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Tuesday 25 March 2003
The Ministry of Agriculture and Forestry (MAF) is taking the advice of the
consultative group it convened in Auckland just over two weeks ago and will
"keep its options open" before deciding whether the gum leaf
skeletoniser (Uraba lugens) can be eradicated or not.
"Since we received the surveillance report showing this unwanted pest
was being detected on eucalypt trees over a wide area of southern Auckland we
have initiated a whole suite of work, both operational and scientific, to ensure
we can keep on top of this pest," said Peter Thomson, MAF's Director of
"We have retained eradication as a possible goal. Is eradication
feasible? We don't know that yet. Is it affordable? We don't know that yet
either. The pest has spread over a large area. We can't mount a major
eradication campaign lightly. During this time of year, when the moth is less
active, we need to be getting our response on to a firm footing."
"The planning phase of a biosecurity response is of the utmost
importance - we need to take the time to gather an adequate amount of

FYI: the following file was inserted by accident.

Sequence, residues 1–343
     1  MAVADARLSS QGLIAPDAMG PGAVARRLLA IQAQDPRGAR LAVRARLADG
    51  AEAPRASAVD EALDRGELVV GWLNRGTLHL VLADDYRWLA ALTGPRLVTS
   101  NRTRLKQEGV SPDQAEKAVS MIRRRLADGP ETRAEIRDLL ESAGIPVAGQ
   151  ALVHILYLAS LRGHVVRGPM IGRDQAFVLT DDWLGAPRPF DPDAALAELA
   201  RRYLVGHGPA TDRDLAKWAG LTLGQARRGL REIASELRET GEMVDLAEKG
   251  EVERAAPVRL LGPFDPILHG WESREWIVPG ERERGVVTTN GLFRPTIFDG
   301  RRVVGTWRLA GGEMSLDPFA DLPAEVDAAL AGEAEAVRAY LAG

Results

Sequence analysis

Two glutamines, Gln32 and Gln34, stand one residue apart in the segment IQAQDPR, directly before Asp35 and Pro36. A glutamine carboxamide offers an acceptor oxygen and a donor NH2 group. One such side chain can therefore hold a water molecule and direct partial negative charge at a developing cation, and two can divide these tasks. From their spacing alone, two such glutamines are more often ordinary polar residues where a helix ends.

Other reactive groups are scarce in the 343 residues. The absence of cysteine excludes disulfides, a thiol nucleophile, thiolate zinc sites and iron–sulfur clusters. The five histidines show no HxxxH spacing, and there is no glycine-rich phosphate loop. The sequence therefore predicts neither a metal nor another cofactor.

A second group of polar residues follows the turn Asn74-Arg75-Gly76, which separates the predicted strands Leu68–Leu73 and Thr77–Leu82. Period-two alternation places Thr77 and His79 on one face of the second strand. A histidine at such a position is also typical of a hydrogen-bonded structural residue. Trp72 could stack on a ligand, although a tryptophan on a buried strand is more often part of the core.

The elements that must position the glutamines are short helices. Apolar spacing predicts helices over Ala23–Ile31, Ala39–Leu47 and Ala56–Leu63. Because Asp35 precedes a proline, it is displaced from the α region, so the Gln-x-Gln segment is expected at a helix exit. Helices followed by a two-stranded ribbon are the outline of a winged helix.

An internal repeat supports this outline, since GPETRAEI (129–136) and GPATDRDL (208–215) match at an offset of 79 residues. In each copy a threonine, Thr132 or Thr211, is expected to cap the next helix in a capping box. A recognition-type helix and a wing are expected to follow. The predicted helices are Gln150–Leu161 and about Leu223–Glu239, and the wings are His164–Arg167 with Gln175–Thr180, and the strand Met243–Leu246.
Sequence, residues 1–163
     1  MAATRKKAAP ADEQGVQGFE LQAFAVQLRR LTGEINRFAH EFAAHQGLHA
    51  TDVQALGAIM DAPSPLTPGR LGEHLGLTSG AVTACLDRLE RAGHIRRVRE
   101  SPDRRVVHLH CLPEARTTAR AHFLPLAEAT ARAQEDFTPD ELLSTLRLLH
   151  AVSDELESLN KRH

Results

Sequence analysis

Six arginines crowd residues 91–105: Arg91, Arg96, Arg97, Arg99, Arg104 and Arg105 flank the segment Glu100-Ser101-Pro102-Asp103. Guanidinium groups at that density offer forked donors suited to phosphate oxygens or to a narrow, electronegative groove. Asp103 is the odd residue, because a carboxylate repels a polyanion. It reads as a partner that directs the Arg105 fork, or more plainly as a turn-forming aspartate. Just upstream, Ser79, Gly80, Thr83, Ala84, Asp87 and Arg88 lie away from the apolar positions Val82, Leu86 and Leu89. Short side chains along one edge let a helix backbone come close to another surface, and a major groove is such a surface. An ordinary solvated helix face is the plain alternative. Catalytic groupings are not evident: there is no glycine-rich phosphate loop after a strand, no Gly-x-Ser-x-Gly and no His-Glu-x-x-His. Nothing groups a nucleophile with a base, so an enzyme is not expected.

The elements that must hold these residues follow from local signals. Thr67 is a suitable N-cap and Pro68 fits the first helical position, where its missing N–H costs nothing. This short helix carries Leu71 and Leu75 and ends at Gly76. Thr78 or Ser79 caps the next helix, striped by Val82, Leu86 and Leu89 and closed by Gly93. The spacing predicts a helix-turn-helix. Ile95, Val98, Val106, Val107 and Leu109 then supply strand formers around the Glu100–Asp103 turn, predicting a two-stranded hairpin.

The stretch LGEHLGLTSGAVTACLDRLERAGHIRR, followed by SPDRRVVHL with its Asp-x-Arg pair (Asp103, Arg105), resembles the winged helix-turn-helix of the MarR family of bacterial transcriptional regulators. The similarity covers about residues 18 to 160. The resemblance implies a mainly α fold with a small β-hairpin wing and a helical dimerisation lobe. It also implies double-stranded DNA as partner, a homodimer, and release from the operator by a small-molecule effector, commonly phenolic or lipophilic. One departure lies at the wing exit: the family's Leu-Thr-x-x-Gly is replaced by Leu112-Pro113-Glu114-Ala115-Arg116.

information to base our decision making on.
"Impact assessments take time, we need a few months to complete host
testing on native tree species and we have to get more information from the
science team to determine likely rate of spread. Having said that we are also
going to do everything we possibly can 'on the ground' to ensure that we don't
lose the prospect of getting rid of the gum leaf skeletoniser. Right now, our
aim is to contain it to its current location."
"No new sites have been reported since 7 March, which is good news.
Ground spraying of outlying infested trees in public places has been
"This week will be our busiest yet. A further delimiting survey out to
100km is scheduled to be completed, more intensive host tree identification
within South Auckland will commence, an interim operational headquarters is
being established and field testing of a new pheromone for an extensive trapping
grid will continue.
A meeting with staff from Auckland councils is also scheduled for this week.
"We'll be talking with them about future ground spraying and removal of
problem trees, and establishing a collaborative course of action for the late
autumn, winter months and early spring months when the next generation of
caterpillars will be active," said Mr Thomson.
"MAF appreciates the support it is getting from councils and the
opportunity this presents for keeping Aucklanders informed of the progress we
are making in partnership with councils.
"While it will take time to answer all the questions we have, it is fair
to say that we have made some significant and encouraging progress towards
containing the gum leaf skeletoniser".
For further information contact:
Peter Thomson or Director, Forest Biosecurity Ministry of Agriculture and Forestry Tel: (04) 498 9639 Stephen
Olsen MAF Corporate Communications Ministry of Agriculture and Forestry Tel:(04) 470 2753 or (025) 977 028
· A surveillance map (.jpg) is available on request.